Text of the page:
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Old 04-20-2007, 03:50 AM   #1
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Default MLS "thin" v. FelPro head gasket; gains worth $?

Cometic MLS "thin" head gaskets versus Fel Pro OEM style head gaskets for the L36.

According to my calculations, the MLS can raise compression on the L36 from stock 9.4:1 to as high as 9.6:1 to 9.75:1 (depending on how thin you go, MLS 0.051" or 0.045" vs. Fel Pro 0.062" stock).

zzp claims this gains like +9 (or more) hp; other net research indicates maybe +3-5 hp at best.

So, what kind of gains could really be expected?
What other mods might be needed to really get the most out of the increased compression?
Are the MLS as hard to seal as I've heard?
Ultimately, are the MLS worth about $120-$130 more than Fel Pro'*?
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Old 04-20-2007, 07:55 AM   #2
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The thinner a head gasket, the less material to seal. You might gain 3-5hp.. but at the cost of having issues sealing?

In the eternal search for more HP, my opinion is this is best left to someone that is willing to tear their motor back apart at a wimp to change the gaskets. My daily driver will have a litttle more robust gasket to ensure it'* reliablilty.
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Old 04-20-2007, 09:08 AM   #3
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I ran the 0.054" gaskets for 3-4k a couple of years ago. Now that I look back on it, I probably would have been better off spending the money elsewhere. Although they didn't show any signs of leaking or letting go when I pulled the heads off, I felt uneasy about putting a set back in with the horror stories popping up at the time. I went back to felpros.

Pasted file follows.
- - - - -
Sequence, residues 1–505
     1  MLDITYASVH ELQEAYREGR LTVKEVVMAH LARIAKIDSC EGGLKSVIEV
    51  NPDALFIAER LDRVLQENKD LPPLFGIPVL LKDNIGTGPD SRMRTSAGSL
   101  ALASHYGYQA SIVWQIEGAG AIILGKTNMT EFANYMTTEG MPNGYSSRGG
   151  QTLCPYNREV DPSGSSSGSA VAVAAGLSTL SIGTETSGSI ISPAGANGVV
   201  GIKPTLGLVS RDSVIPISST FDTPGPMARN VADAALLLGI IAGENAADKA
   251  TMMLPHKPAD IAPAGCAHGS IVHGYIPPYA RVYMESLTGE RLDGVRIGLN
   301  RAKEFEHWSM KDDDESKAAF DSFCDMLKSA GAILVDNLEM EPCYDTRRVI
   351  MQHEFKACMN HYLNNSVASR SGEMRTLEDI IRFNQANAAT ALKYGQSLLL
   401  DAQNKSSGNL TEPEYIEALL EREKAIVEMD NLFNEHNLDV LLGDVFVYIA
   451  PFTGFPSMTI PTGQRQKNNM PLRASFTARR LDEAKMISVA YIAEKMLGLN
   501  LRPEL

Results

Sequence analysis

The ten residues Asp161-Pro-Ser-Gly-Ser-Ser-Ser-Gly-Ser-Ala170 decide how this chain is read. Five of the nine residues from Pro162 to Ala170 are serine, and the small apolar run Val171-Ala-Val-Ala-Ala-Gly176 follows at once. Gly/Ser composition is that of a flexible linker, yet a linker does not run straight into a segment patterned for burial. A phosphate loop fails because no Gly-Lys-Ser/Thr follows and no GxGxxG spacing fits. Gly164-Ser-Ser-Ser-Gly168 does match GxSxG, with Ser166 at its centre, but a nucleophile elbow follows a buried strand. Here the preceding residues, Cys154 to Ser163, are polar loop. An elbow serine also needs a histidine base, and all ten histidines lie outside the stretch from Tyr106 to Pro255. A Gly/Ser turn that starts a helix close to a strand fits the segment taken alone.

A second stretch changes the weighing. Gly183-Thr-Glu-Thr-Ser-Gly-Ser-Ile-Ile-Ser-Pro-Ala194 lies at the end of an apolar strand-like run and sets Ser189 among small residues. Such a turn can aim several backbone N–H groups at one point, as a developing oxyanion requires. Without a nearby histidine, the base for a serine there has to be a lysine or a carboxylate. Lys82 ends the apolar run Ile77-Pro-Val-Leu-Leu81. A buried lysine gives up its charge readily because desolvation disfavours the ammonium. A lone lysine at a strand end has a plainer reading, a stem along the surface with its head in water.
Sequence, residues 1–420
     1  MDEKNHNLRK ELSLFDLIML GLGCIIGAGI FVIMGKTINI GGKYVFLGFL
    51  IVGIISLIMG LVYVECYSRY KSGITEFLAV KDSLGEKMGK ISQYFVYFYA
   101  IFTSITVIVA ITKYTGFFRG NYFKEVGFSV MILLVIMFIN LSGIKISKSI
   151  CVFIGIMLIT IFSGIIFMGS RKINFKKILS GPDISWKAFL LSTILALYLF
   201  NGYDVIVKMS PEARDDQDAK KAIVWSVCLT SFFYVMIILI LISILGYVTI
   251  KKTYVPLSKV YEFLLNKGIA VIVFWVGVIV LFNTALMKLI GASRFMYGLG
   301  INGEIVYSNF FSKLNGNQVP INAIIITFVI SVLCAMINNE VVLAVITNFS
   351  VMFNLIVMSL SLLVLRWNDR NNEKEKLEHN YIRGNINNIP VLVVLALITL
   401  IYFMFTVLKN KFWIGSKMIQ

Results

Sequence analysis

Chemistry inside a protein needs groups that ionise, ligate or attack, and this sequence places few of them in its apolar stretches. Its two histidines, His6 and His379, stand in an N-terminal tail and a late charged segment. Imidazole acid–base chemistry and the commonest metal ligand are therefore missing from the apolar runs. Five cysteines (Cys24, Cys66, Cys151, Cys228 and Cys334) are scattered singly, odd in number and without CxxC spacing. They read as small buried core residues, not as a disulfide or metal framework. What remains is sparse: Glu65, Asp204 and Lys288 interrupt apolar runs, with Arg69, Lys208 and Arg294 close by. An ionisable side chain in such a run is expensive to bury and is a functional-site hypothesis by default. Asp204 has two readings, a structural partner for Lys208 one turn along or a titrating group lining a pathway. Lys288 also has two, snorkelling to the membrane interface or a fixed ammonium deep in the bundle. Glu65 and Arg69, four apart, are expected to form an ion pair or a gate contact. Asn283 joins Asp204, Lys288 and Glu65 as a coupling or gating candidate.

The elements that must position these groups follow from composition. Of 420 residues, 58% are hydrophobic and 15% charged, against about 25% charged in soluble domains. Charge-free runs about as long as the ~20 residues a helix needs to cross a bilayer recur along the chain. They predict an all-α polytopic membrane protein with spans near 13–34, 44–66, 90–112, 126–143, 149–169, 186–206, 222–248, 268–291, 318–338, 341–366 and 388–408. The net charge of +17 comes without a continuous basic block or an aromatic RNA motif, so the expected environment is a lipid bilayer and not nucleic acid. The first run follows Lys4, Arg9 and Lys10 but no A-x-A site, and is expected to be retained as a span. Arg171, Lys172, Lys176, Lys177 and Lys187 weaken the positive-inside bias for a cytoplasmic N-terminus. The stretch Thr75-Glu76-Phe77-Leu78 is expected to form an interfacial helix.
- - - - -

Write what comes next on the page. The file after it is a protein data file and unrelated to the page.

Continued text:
You don't get as much compression per hundreth of an inch, but I would much rather mill the heads and keep stock gaskets. You can go as far as 0.020" without having to get shorter pushrods and as far as 0.040" before you run into LIM fitment issues.
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Old 04-20-2007, 10:48 AM   #4
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i remenber when i was drag racing my small block chevy we had thinner head gasket and what we did was to spray them whit aluminiun paint .but that was 25 years ago don, t know if its still good
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Old 04-20-2007, 10:54 AM   #5
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if you want just a plain old opinion, it would seem more worth it to me to swap out the pistons to higher compression, stroke it, or something of that sort, using a thinner gasket seems like a bad idea exactly for the previously mentioned reasons.
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Old 04-20-2007, 11:46 AM   #6
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Thanks for the advice, all.

It'* about what I figured...risk outweighs potential reward on the MLS head gaskets (at least for a daily driver).

What might I expect to pay a shop to mill 0.020" off of a set of L36 heads?
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Old 04-20-2007, 11:58 AM   #7
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Quote:
Originally Posted by agrazela
What might I expect to pay a shop to mill 0.020" off of a set of L36 heads?
It should be somewhere between $50-100 depending on the shop. You might want to get a 3 angle valve job while they are in there.
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Old 04-20-2007, 12:22 PM   #8